3 vols., 8vo., with all half-titles; original scarlet cloth decorated in black, spines lettered gilt, slightly faded, a couple of wormholes to the joints, but a very good copy.
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The Battles of Life. The Ironmaster. From the French of Georges Ohnet … by Lady G[eorgiana] O[sborne]. Authorized Translation …
First edition in English. Le maître de forges (1882), one of a series of novels published by Ohnet under the title ‘Les batailles de la vie’, was a bestseller of French nineteenth-century sentimental fiction, and no less successful in England. Another English translation, by Ernest Vizetelly, published by his father Henry, appeared the same year.
‘The nobly-born heroine is jilted by her ducal fiancé and marries the rich ironmaster Philippe Derblay, who has all the virtues except an apostrophe in his name. She treats him with shameful arrogance but is worn down by his cold politeness and in the end comes adoringly to heel’ (Oxford Companion to French Literature).
Not in Sadleir; only a yellowback in Wolff (under ‘Hénot’).
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KINCAID, Sir John.
Adventures in the rifle brigade, in the Peninsula, France, and the Netherlands, from 1809 to 1815 . . . Third edition.
First published in 1830. Sir John Kincaid (1787–1862), second son of a Scottish laird, went to Spain in 1810 with the 95th foot’s first battalion. He took part in numerous actions in 1810 and 1811, and led a detachment of the storming party at the siege of Ciudad Rodrigo in January 1812. He fought at Salamanca and entered Madrid with Wellington in August of that year, and in 1813 saw action at San Muñoz and San Millán, Vitoria, in the Pyrenees, on the Nivelle and Nive rivers, and near Bayonne in December 1813. He also took part in the final battle of Toulouse in April 1814. Subsequently he fought at Quatre Bras and at Waterloo, where his horse was killed under him.
Campaign of the Left Wing of the Allied Army, in the western Pyrenees and south of France, in the years 1813–14; under Field-Marshal The Marquess of Wellington. Illustrated by a detailed plan of the operations, and numerous plates of mountain and river scenery.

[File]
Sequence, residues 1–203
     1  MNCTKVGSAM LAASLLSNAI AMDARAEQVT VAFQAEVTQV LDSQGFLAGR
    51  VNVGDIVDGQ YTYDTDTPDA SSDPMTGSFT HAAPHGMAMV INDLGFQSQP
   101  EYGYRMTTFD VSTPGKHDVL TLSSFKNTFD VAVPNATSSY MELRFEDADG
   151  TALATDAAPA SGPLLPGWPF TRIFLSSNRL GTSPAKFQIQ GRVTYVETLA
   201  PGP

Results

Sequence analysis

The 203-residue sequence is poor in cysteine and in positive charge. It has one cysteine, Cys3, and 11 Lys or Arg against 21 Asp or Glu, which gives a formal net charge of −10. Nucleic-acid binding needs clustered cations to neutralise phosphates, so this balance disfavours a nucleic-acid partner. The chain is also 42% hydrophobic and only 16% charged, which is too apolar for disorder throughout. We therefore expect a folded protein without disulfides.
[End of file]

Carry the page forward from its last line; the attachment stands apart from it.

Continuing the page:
First edition; very scarce. Robert Batty (1789–1848) was the son of the obstetric physician and amateur artist Dr Robert Batty (1762–1849; see Oxford DNB). ‘After attending school in Kirkby Lonsdale, Westmorland, and in London, at the age of fifteen he travelled to Italy with his cousin, Henry Bickersteth (later Lord Langdale), where he “had the opportunity of cultivating a taste for art, which belonged to his family”. He studied at Caius College, Cambridge (admitted March 1808), obtaining an MB in 1813, but did not practise medicine. Instead, having become an ensign in the 1st (Grenadier) guards on 14 January 1813, Batty served with its 1st battalion towards the end of the Peninsular War, notably at the blockade of Bayonne, before embarking for England from Bordeaux on 23 July 1814 . . . . Among artists of the English school, Samuel Redgrave concluded that “his industry was great, his works carefully and truthfully drawn, his architecture correct in its proportions and outlines, and his merits as a topographical draughtsman deserve recognition” ’ (Oxford DNB). Batty subsequently served at Quatre Bras and at Waterloo, and published A sketch of the late campaign in the Netherlands (1815).